Americans will have to wait at least another month to hear unambiguously good news regarding job growth in the U.S. The Labor Department announced Friday that the world's largest economy unexpectedly lost 20,000 jobs in January. Although the unemployment rate fell to 9.7% from 10% in December, economists caution that the fall could prove to be temporary. When many of the unemployed who have stopped looking for work start trying again, they'll be included in the unemployment rate, potentially pushing it back up.Compared to January 2009's monthly job loss of 779,000, this report shows that massive job cuts have ended. But it also shows that hiring has not rebounded.
A Bloomberg News economists survey had forecast flat job growth in January and the unemployment rate to rise to 10.1%.
The Labor Department also revised December's job loss total to 150,000 jobs from the previously released 85,000 loss, but it said November actually had a gain of 64,000 jobs from the initially reported increase of 4,000.
Further, the Labor Department revised its job loss total for the recession. It now estimates that about 8.4 million jobs have been lost since the downturn started in December 2007.
A separate unemployment gauge, which includes workers who can find only part-time work and discouraged workers, fell to 16.5% in January from 17.3% in December.
Some Positive Signs
While January's 20,000 job loss was a disappointment, the report had a few bright spots. First, temporary jobs, which usually signal a new hiring phase, increased by 52,000 in January. Since July, the temporary job category has added 247,000 jobs.
Second, the retail sector added an impressive 42,000 jobs, after scant gains in the past two months. Also, health care added 15,000 positions, and government added 33,000 jobs (including 9,000 for the 2010 U.S. Census).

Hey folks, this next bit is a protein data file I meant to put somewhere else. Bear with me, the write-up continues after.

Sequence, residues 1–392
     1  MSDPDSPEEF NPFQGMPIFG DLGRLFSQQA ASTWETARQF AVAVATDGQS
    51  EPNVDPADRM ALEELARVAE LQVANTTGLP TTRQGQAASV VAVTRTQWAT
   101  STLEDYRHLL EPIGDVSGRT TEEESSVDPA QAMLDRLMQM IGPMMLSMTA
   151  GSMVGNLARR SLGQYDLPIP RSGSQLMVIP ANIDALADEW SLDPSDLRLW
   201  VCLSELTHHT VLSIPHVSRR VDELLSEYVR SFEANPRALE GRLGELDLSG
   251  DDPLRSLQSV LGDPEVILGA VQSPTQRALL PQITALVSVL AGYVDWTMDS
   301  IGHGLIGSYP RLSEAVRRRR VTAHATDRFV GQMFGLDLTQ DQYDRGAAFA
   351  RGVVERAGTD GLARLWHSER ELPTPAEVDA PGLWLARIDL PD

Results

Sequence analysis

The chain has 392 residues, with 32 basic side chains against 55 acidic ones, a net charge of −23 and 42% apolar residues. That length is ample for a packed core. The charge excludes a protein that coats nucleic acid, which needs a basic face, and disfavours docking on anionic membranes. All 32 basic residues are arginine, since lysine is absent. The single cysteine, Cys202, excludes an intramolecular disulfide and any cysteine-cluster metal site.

On the downside, construction lost 75,000 jobs, transportation and warehousing lost 19,000, and manufacturing shed 11,000 jobs.
Average hourly earnings rose 5 cents to $18.89, and the average workweek rose to 33.9 hours from 33.8 hours in December.
A Lot Hinges on Job Growth
Further, not only will job growth (or lack thereof) help determine whether the U.S. economic expansion continues, it will say a lot about who leads the nation. That's because voters historically hold the party in power in Washington accountable for the nation's economic performance, with the U.S. unemployment rate being high on the list.
If the unemployment is high, voters remove the party in power -- in this case the congressional Democrats -- from office. If joblessness is low, they reelect the party in power. President Barack Obama is on the hot seat, too, but the focus is on the Democrats in Congress, due to their upcoming 2010 election.
Also, job growth in the U.S. may take on added importance globally as a result of recent financial developments in Europe. On Thursday, global equity markets fell substantially -- including a 268-point plunge in the Dow -- amid concern that Spain and Portugal might have government debt problems similar to Greece's long-known fiscal troubles. If that's the case, these weakened euro-zone nations would likely weigh on Europe's GDP growth. That will only heighten the need for stronger U.S. economic expansion to maintain adequate global growth. And a faster-growing U.S. economy requires job creation.
Not There Yet
Overall, the January jobs report is disappointing because it represents another month without adequate job growth. Also, investors should view the drop in the U.S. unemployment rate to 9.7% with caution. At least employers keep adding to temporary jobs, and that suggests permanent hiring will occur in the months ahead.
The growing U.S. economy is providing a tailwind for the job market, but the country -- assuming continued credit market healing -- is still at least a month or two away from sustained, adequate job growth.
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